So first up, bright and early at 11:30, was "Urban Explorers: Into the Darkness". I had forgotten that it was by one of my favorite new documentary filmmakers. Melody Gilbert had previously done "Whole" and "A Life Without Pain", two of the greatest documentaries I've seen (and for the record, she wasn't at the screening, so I'm not writing this just in hopes that she'll read this and buy me drinks at the rest of the festival). This time, she finally breaks free of medical oddities, but still has a knack for finding the most interesting subjects. This time it's people who essentially trespass in abandoned buildings for recreation. Sometimes it's dangerous (like when a group is trying to find a network of tunnels under a brewery, and approaches the site through the sewer, only to nearly succumb to methane gas). Sometimes it's just charming (like the couple who meets through exploring. BTW, she has a pet dog, so it's yet another Cinedoggiequest movie). And sometimes it's just bizarre (like when some of them are arrested under suspicion of terrorism). Also interesting is how the internet has brought these subcultures from all over the world together, which is featured in a conference held (that year) in Scotland. Very interesting.
Okay, next up was "Maskot", a cute Indonesian comedy about Dennis, a clumsy guy who has to find a chicken that is the replacement mascot for his family's soy sauce company. Ya see, his father--who built the company into a market leader on the strength of the symbol--is on his deathbed, and passes over much more experienced board members in favor of his some--provided his son can prove he knows the heart of the company by finding its symbol. And this leads him on a wild
Then next up was the Viewer's Voice winner, "The Town that Was" with the short "Lawyer, Lawyer". In previous years, I've mostly avoided the Viewer's Voice winners on the premise that a) they can still be seen online (that's how they won and made it into the festival) and b) they've often missed the regular cut for the festival, so when I've seen them in the past they haven't been as good as the other films. However, I've been drinking with the makers of "The Town That Was", and so I was kind of obligated to see it. Luckily, it was better than I expected. But first, "Lawyer, Lawyer" was a very quick CG short about a little boy selling a little girl on the idea of becoming a lawyer. It was kinda funny. "The Town That Was" is a documentary about Centralia, Pennsylvania. Once a booming coal mining town, in 1980 it was already somewhat on the decline. However, the mine had caught fire in 1962, was threatening the town by 1980, and continued burning to this day and will continue for 100's or 1,000's of years in the future. Most people left (to neighboring towns), but the documentary is about the dozen or so people who stayed. Most elderly (like the ex-mayor, who's near 90), but the star of the film is the youngest remaining resident, John Lokitis. At times a bit cranky (understandable, given the situation), he mostly comes off as a pretty reasonable guy, and a charming spokesman for his town. And there's a scene where he's wearing a baseball cap and you can briefly see the logo has a husky on it, which makes this another doggy movie (that was a tough catch). It's a fascinating look at people who don't want to move from their childhood home (in John's case, literally his grandparent's house, which is officially condemned by the state so he's technically a squatter). Here's a really hard to see pic of co-director Chris Perkel, producer Melinka Thompson-Godoy, and co-director Georgie Roland:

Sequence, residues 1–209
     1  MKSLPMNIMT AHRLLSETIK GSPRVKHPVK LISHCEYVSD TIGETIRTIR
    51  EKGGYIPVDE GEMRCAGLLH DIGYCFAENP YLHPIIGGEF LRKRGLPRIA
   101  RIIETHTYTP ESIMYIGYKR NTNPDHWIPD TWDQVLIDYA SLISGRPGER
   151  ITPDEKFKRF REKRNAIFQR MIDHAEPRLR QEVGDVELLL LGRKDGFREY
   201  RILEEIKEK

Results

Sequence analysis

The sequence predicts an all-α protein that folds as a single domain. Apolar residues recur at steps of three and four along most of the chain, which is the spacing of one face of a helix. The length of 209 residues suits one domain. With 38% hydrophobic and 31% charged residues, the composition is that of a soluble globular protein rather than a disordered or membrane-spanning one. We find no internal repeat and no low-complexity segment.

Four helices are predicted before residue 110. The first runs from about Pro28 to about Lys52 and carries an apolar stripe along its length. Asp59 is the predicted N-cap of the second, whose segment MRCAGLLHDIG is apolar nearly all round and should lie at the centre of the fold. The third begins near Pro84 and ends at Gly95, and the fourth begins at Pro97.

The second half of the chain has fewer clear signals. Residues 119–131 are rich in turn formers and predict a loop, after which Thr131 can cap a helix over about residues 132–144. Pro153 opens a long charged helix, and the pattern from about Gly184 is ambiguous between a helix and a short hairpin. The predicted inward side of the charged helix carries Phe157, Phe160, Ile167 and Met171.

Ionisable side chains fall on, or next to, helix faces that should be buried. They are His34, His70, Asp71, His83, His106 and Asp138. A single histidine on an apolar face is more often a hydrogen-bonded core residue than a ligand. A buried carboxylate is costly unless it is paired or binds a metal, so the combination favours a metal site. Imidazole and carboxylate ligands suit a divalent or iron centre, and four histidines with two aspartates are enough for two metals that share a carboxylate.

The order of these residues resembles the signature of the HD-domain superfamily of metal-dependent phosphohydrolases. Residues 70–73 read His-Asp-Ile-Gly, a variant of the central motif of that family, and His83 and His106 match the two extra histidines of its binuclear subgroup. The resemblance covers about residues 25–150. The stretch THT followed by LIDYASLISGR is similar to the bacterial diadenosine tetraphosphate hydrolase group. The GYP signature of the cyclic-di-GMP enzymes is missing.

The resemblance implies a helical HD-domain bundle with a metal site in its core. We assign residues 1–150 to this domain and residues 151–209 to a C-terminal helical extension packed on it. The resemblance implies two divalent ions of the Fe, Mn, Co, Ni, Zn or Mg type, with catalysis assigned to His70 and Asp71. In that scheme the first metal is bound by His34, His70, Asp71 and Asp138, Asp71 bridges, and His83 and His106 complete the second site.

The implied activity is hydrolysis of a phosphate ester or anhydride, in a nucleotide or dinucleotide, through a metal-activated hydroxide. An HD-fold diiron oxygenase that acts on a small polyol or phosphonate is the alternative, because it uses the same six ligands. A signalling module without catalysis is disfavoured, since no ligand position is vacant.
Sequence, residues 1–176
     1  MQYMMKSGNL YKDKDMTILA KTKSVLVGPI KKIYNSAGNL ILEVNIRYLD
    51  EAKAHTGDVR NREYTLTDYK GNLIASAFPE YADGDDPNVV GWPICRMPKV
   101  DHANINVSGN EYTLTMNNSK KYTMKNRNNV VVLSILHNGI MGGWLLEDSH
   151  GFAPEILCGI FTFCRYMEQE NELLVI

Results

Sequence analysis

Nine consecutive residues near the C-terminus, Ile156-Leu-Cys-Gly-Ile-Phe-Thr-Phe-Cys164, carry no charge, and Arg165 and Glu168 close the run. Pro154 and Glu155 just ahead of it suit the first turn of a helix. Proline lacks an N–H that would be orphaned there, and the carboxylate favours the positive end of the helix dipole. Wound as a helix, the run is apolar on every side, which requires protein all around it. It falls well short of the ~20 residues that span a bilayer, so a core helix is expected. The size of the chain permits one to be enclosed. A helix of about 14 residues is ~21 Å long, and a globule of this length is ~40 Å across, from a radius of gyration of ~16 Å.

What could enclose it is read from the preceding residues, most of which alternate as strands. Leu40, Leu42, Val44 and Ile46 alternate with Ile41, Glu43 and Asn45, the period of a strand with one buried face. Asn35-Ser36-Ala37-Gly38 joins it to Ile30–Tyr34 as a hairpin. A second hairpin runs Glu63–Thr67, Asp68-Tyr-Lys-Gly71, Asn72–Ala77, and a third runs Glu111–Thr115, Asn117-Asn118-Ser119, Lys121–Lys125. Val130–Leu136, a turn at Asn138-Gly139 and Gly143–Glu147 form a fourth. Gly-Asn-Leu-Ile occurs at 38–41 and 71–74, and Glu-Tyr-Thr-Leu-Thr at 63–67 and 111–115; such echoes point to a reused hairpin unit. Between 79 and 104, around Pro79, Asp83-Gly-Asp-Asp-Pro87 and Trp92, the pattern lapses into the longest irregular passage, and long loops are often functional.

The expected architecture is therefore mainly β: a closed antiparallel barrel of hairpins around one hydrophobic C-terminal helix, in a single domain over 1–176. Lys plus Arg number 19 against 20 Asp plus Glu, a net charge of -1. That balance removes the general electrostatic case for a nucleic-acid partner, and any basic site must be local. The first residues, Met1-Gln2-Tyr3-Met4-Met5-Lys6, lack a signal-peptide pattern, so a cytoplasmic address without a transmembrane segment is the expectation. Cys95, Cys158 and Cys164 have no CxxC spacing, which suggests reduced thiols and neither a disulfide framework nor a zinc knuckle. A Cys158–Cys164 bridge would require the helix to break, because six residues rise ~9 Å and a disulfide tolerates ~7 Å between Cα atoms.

Next up was another excellent documentary (this is kind of the day of great docs), "Super Amigos". From Mexico, it's the story of 5 (and there are more like them) activists who dress up in Lucha Libra (Mexican wrestling) costumes to promote their causes. The first of the bunch started in 1985, after the earthquake devastated Mexico City, Super Barrio emerged to lead protests on behalf of housing for the poor. He really started a wave of using the Lucha Libre iconography to speak to the people. Along came the environmental warrior Ecologista Universal, the gay rights activist Super Gay (who's partner was murdered in a gay bashing incident in which he was also badly injured), animal rights activist Super Animal (scourge of toreadors everywhere), and ordained priest, orphanage owner, and "Nacho Libre" inspiration Fray Tormenta (who decided to become a priest when he turned to one for help when he was trying to get off drugs, and was turned away). Their stories are told with lots of energy, some cool animation, and always focusing on their alter-egos only. You're never told who is actually behind the mask, because the point is that it could be anyone. You all have the power to be Super Amigos, too! Here's a pic of Cinequest icon Chris Garcia (left) with director Arturo Perez Torres:
And finally, there was the Danish drama "Prague" starring the always excellent Mads Mikkelsen. He plays Christoffer, who travels to Prague with his wife Maja to pick up the remains of his deceased father, whom he hasn't seen since he was 12. Christoffer doesn't know his father, but as the morgue doctor explains, who really knows anyone? And that becomes the theme of the movie--Christoffer doesn't know his father, or his wife, or how to communicate with pretty much anyone or navigate even the slightest task (like opening a door) in the Czech Republic. In fact, the one person he makes any sort of connection with is his father's live-in housekeeper, a young woman who doesn't speak English or Danish (and he, of course, doesn't speak Czech).
Okay, that's it for day 10. Don't expect any more updates until Monday.